Ozzie Kicks Off PDC with Azure-Focused Keynote
Microsoft Chief Software Architect Ray Ozzie this morning kicked off Microsoft's 2009 Professional Developers Conference (PDC09) in Los Angeles with a keynote that focused heavily on Windows Azure and cloud computing.
Ozzie's presentation was a high-level pitch for Windows Azure and Microsoft's unified development message, with an occasional plug for Windows 7 as a superior client for enabling compelling user experience.
Ozzie revealed that Windows Azure will officially go to production on Jan. 1, 2010. The service will be available for one month on a no-fee basis while Microsoft works through initial deployment assessment. Microsoft will start billing for Windows Azure access on Feb. 1, Ozzie said.
He stressed that Microsoft was working to provide a single, cohesive platform for developing applications on-premise and on the cloud, and both Ozzie and Bob Muglia, Microsoft's president of the Server and Tools Business whose own presentation followed Ozzie's, talked at length about migrating existing Windows Server applications to Windows Azure.
"We at Microsoft have one simple strategy -- that is to focus on leverage and seamlessness in everything we do," Ozzie said.
Muglia added, "Microsoft is focusing on taking the investments you made in your existing environment in Windows Server and moving that forward."
Ozzie pointed out the long list of improvements to Windows Azure since the initial CTP was released at PDC08 last year. He noted the reformulation of SQL Azure, the geo-replication of storage across paired Azure datacenters, the creation of the container datacenter model, and the introduction of Azure X drive.
Ozzie seemed particularly enthused about a newly announced project, code-named "Dallas," which promises to give Windows Azure developers the ability to uniquely explore, manipulate and present data stored on public and private sources.
"Dallas makes the whole world of data better than the sum of its parts by creating a uniform discovery mechanism for data, a uniform binding and access mechanism for data, a uniform way of exposing trial data sets for developers, a uniform licensing model so data from multiple providers can be easily joined and recombined," Ozzie explained. "By delivering data as a service, our aspiration is that Dallas might catalyze a whole new wave of remixing and experimentation by developers."
Microsoft Technical Fellow Dave Campbell provided a demo showing how developers can use the Dallas Service Explorer to look at different classes of data in data feed, and preview the data to visualize it. In the demo, Campbell showed how Dallas can invoke Microsoft's PowerPivot add-in for Excel to render and manipulate data. He then went on to use drag-and-drop tools to build a quick Windows Presentation Foundation (WPF) datagrid app to render out a custom dataset.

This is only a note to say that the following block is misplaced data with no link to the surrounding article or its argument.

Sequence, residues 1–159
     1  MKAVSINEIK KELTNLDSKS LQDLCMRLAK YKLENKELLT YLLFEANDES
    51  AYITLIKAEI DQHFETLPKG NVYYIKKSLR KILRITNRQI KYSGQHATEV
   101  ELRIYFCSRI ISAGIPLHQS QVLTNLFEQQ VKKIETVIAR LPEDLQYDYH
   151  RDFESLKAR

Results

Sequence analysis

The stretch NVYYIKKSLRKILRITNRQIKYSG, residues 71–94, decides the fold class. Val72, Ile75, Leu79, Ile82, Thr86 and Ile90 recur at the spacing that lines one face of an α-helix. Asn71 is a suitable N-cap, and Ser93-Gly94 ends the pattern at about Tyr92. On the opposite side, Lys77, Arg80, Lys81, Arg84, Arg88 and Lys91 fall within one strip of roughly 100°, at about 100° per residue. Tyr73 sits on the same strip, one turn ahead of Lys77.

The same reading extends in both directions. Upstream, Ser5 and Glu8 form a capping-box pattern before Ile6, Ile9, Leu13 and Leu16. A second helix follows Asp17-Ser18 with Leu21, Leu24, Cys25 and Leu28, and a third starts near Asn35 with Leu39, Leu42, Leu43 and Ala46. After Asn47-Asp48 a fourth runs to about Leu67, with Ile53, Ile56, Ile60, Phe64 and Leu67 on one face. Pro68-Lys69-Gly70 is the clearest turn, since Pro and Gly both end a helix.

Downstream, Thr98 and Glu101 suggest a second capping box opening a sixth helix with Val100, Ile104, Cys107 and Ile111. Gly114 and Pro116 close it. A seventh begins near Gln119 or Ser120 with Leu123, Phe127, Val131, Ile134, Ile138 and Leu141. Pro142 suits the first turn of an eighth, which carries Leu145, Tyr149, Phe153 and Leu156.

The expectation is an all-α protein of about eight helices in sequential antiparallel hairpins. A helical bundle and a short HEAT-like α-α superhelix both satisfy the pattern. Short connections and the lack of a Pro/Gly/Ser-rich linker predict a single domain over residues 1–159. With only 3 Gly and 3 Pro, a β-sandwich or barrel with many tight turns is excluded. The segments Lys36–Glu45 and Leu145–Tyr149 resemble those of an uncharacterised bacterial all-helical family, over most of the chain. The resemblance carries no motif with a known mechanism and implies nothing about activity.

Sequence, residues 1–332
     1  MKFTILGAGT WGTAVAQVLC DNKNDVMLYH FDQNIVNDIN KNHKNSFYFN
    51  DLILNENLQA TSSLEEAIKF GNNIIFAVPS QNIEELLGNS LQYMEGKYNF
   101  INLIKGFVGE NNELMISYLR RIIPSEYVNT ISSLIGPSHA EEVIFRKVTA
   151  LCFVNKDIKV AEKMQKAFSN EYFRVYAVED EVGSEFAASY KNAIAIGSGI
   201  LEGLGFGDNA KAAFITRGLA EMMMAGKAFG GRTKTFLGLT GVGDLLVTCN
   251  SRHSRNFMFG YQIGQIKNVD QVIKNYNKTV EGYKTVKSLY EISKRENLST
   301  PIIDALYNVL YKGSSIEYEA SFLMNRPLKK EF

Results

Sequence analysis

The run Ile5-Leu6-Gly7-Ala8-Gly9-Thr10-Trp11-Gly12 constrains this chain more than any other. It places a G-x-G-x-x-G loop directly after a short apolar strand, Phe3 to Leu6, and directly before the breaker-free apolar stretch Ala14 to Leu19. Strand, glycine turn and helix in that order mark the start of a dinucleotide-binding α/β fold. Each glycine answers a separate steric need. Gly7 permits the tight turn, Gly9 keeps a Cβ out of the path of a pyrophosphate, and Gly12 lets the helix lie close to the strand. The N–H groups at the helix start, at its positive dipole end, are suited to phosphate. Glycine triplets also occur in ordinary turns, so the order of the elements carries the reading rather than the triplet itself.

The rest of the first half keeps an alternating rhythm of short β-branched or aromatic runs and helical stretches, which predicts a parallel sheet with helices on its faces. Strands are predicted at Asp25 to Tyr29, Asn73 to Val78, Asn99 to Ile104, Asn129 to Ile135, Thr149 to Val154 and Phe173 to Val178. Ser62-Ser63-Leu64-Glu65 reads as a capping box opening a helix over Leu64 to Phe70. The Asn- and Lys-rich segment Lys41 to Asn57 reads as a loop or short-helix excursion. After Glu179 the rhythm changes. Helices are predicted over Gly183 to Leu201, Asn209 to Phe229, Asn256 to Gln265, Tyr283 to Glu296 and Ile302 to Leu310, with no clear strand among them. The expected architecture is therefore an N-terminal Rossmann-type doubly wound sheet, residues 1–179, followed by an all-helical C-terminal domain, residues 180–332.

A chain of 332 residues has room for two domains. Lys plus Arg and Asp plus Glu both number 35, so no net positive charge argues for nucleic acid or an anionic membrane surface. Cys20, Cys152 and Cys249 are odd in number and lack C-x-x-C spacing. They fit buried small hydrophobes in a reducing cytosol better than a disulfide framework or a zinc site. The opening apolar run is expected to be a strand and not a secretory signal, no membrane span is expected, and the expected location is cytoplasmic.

Ozzie also hinted at a number of new product announcements to come at the show, for instance mentioning a presentation on Wednesday by Scott Guthrie, vice president of Microsoft's Developer Division, that Ozzie said would address the next version of Silverlight.
He also gave a nod to Microsoft's struggling mobile platform, noting that it would be addressed at the next MIX Conference in 2010. "You'll hear about developing apps for the next generation of our Windows phone," Ozzie said.
Muglia followed Ozzie with a more nuts-and-bolts presentation on Windows Azure, including a number of detailed demos that highlighted newly announced features and spotlighted the opportunity for developers to migrate their on-premise .NET code to public and private Windows Azure cloud environments.
He also announced work on project "Sydney," expected to go into beta next year, which will enable customers to connect servers inside the datacenter with cloud services running inside of Azure.
Additionally, Muglia announced the beta of Application Fabric, a new application server for Windows Server that Muglia said extends the familiar IIS environment to provide a platform for highly available, scaled-out, middle-tier services like Windows Workflow Foundation and Windows Communication Foundation (WCF) services.
"The idea is that this creates an infrastructure, a very easy-to-manage infrastructure, where we will do that failover for you, we will keep the system highly available, and we will do the balance between those things, so you can build your applications in a straightforward way," Muglia explained. "In addition to middle-tier services like workflow and WCF, we'll also provide a database cache which is an important part of speeding up and providing better performance for the applications you are building."
The database cache will be provided in the App Fabric beta for Windows Azure, which Muglia said will be available next year.
Muglia also announced that Windows Identity Foundation has gone to the release-to-manufacturing (RTM) stage, and that Go Live licenses are available for Visual Studio 2010 and .NET 4.
Michael Desmond is an editor and writer for 1105 Media's Enterprise Computing Group.